Museveni was involved in rebellions that toppled Ugandan leaders Idi Amin (1971–79) and Milton Obote (1980–85). With the notable exception of the north, President Museveni has brought relative stability and economic growth to a country that has endured decades of rebel activity and civil war. His tenure has also witnessed one of the most effective national responses to HIV/AIDS in Africa.
In the mid to late 1990s, Museveni was fêted by the West as part of a new generation of African leaders. His presidency has been marred, however, by involvement in civil war in the Democratic Republic of Congo and other Great Lakes region conflicts. Rebellion in the north by the Lord’s Resistance Army had perpetuated a drastic humanitarian emergency.
Restrictions on political pluralism and a 2005 referendum and constitution change scrapping limits on presidential terms, enabling extension of his rule, have attracted recent concern from domestic commentators and the international community.
Born on 15 September 1944 in Ntungamo, Uganda Protectorate, Museveni is a member of the Banyankole ethnic group. His surname, Museveni, means “Son of a man of the Seventh”, in honour of the Seventh Battalion of the King’s African Rifles. This was the British colonial army in which many Ugandans served during World War II.
Museveni gets his middle name from his father, Amos Kaguta, a cattle herdsman. Kaguta is also the father of Museveni’s brother Caleb Akandwanaho, popularly known in Uganda as “Salim Saleh“, and sister Violet Kajubiri.
Museveni attended Kyamate Elementary School, Mbarara High School, and Ntare School. In 1967, he went to the University of Dar es Salaam in Tanzania. There, he studied economics and political science and became a Marxist, involving himself in radical pan-Africanpolitics. While at university, he formed the University Students’ African Revolutionary Front activist group and led a student delegation toFRELIMO territory in Portuguese Mozambique, where he received guerrilla training. Studying under the leftist Walter Rodney, among others, Museveni wrote a university thesis on the applicability of Frantz Fanon‘s ideas on revolutionary violence to post-colonial Africa.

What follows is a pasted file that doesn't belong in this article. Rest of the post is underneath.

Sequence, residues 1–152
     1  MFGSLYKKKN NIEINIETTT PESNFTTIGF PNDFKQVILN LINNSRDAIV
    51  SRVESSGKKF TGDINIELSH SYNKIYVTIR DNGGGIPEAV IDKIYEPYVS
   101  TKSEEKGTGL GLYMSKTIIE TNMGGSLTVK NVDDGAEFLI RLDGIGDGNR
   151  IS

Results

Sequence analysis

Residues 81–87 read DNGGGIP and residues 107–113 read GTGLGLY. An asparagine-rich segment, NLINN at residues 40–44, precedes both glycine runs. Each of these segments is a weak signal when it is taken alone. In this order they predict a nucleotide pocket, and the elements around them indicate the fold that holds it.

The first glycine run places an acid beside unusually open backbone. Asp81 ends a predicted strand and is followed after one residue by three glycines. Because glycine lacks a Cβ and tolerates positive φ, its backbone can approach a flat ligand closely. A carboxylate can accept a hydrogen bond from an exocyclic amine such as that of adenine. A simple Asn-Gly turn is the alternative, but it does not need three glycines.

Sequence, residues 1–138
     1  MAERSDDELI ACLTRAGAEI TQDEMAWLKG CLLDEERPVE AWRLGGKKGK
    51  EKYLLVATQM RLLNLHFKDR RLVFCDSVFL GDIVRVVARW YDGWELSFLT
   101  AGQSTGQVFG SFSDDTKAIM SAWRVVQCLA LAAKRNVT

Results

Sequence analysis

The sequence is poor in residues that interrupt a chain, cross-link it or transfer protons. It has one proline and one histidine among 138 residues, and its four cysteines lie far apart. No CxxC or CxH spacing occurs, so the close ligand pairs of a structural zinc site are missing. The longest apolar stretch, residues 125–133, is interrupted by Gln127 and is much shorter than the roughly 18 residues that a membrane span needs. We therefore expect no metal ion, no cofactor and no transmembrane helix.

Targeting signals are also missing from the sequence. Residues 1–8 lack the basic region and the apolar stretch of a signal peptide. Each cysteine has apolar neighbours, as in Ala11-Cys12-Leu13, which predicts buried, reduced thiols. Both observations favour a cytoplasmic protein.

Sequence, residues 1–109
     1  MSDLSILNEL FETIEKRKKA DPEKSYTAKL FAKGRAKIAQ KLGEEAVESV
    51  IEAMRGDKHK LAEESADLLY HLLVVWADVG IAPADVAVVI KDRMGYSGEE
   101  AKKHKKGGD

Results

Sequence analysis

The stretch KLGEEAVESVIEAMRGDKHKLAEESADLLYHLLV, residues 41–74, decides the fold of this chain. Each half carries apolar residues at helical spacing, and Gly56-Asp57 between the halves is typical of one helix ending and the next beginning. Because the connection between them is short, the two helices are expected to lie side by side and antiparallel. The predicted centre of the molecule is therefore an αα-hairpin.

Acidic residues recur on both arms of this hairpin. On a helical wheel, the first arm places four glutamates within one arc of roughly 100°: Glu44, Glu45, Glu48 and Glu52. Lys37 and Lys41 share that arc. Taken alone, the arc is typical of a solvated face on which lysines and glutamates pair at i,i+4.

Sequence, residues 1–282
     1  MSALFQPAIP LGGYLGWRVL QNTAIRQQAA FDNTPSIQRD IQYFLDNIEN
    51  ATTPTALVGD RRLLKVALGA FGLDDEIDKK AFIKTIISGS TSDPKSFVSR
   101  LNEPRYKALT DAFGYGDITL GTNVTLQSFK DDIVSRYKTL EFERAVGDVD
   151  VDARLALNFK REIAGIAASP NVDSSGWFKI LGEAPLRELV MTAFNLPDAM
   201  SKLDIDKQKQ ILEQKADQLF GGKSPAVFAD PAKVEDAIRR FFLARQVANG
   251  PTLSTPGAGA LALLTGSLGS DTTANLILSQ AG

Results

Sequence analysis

n 1970, Museveni joined the intelligence service of Ugandan President Milton Obote. When Major General Idi Amin seized power in aJanuary 1971 military coup, Museveni fled to Tanzania with other exiles, including the deposed president.
The power bases of Amin and Obote were very different, leading to a significant ethnic and regional aspect to the resulting conflict. Obote was from the Lango ethnic group of the central north, while Amin was a Kakwa from the northwestern corner of the country. The British colonial government had organized the colony’s internal politics so that the Lango and Acholi dominated the national military, while people from southern parts of the country were active in business.
This situation endured until the coup, when Amin filled the top positions of government with Kakwa and Lugbara and violently repressed the Lango and their Acholi allies